A massive meteor appears to have recently crashed into Jupiter — and it was big enough to be seen by an amateur astronomer here on Earth. Ethan Chappel captured the rare moment with nothing more than a backyard telescope.
Chappel recorded a bright, unexpected flash on the surface of the gas giant Wednesday. Astronomers believe it could have been the impact of a large meteor crashing into the planet.
Chappel compiled the images into a gif showing the apparent moment of impact with a bright flash in the Southern Equatorial Belt. The flash only lasts a moment before fading, further fueling the idea of a possible meteor.
Another impact on Jupiter today (2019-08-07 at 04:07 UTC)! A bolide (meteor) and not likely to leave dark debris like SL9 did 25 years ago. Congrats to Ethan Chappel (@ChappelAstro) on this discovery and H/T to Damian Peach (@peachastro) for the report https://t.co/lj38ncBZuI
— Dr Heidi B. Hammel (@hbhammel) August 7, 2019
“Imaged Jupiter tonight,” Chappel tweeted. “Looks awfully like an impact flash in the SEB.”
Dr. Heidi B. Hammel shared Chappel’s findings with excitement. “Another impact on Jupiter today!” Hammel wrote. “A bolide (meteor) and not likely to leave dark debris like SL9 did 25 years ago.”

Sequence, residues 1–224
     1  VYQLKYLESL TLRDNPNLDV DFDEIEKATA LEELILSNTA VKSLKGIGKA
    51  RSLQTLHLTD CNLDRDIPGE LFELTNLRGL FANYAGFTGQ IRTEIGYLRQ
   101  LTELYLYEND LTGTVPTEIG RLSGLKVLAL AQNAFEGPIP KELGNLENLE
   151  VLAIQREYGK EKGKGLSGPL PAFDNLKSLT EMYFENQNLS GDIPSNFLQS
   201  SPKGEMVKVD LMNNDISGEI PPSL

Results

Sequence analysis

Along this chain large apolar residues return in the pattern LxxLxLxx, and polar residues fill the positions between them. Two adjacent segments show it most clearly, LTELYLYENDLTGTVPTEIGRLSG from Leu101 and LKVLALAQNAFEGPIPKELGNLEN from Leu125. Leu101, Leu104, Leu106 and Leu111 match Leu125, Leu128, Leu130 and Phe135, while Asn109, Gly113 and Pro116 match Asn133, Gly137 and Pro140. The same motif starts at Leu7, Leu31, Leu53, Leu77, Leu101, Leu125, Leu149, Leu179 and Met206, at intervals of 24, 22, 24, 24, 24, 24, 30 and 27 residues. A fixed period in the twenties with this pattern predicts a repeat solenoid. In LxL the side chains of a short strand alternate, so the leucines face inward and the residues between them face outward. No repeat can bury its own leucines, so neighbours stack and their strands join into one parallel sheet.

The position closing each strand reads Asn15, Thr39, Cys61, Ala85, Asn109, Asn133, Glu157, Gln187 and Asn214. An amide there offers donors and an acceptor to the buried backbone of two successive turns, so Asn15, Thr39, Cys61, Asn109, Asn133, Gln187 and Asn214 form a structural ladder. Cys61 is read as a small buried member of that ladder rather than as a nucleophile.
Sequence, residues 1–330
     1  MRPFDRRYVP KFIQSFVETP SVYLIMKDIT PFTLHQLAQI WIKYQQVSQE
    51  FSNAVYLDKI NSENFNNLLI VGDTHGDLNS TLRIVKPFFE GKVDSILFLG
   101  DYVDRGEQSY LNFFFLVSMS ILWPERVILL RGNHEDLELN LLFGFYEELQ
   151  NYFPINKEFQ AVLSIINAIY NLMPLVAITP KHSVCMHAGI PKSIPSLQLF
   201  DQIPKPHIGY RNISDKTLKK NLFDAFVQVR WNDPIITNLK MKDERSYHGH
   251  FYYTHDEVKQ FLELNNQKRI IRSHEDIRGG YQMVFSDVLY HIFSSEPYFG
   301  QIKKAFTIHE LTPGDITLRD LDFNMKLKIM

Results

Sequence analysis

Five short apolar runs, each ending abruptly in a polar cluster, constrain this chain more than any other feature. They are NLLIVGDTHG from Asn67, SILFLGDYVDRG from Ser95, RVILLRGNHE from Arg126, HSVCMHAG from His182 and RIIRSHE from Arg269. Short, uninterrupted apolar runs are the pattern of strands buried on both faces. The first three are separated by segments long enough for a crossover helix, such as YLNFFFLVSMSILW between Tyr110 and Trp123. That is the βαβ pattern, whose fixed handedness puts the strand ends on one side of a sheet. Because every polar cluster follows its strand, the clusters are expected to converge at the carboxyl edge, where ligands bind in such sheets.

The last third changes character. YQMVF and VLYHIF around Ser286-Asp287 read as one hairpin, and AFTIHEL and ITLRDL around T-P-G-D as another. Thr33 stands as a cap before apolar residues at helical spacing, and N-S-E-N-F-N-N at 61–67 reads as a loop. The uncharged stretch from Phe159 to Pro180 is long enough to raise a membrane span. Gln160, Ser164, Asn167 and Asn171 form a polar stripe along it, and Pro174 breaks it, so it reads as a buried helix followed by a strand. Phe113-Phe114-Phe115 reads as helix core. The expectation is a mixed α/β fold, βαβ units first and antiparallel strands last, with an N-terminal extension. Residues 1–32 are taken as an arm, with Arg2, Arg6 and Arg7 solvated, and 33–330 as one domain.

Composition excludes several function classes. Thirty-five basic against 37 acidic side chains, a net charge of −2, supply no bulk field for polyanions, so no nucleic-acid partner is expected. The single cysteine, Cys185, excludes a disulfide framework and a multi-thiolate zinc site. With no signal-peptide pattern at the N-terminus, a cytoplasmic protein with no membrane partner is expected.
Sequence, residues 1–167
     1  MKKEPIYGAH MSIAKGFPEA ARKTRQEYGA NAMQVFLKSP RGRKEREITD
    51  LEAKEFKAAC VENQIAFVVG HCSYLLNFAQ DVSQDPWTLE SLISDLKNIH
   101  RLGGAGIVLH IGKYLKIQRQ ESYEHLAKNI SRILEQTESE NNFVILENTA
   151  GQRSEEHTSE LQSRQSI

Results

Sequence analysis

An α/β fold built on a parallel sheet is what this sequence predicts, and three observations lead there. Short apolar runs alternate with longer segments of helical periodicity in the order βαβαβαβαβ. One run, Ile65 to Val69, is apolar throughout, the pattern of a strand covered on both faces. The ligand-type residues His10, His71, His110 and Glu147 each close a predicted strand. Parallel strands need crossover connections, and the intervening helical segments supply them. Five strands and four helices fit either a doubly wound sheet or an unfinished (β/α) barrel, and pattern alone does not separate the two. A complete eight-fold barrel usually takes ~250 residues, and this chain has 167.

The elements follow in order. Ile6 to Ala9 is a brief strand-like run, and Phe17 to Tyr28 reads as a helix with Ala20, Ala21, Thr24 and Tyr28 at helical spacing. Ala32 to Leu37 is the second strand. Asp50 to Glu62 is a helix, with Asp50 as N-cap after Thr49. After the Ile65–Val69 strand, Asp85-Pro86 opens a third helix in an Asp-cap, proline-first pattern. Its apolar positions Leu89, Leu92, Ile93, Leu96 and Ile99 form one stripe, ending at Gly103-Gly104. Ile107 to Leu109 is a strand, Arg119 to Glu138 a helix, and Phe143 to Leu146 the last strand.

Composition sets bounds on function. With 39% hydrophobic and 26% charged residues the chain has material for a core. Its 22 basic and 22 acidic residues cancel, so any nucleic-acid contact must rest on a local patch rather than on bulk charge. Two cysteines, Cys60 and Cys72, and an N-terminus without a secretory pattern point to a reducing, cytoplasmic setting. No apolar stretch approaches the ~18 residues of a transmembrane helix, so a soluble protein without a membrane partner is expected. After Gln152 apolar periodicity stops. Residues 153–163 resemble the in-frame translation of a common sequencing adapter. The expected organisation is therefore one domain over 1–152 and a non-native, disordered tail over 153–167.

The other impact Hammel is referring to occurred when fragments of Comet Shoemaker-Levy 9 crashed into Jupiter in 1994, leaving dramatic scars that were visible for months. Hammel led the team that studied its impact and Jupiter’s response to it using the Hubble Space Telescope.
There have been several apparent impacts since, including in 2009, 2010, 2012 and 2016. Amateur astronomers have been able to make videos of Jupiter and then assess them for quality, looking for flashes like this, Hammel told CBS News.
“These impacts are important to us because they help us understand the population of small objects still winging around our Solar System,” Hammel said. “We are especially interested in the ones winging around near the Earth, of course, but the events out at Jupiter provide new data for our models of Solar System objects.”
Hammel said Wednesday’s impact — which still needs to be confirmed by other astronomers — appears to be smaller than the impact in 2012 and similar to the one in 2010.
“Today has felt completely unreal to me,” Chappel wrote on Twitter. “Hoping someone else also recorded the impact to seal the deal.”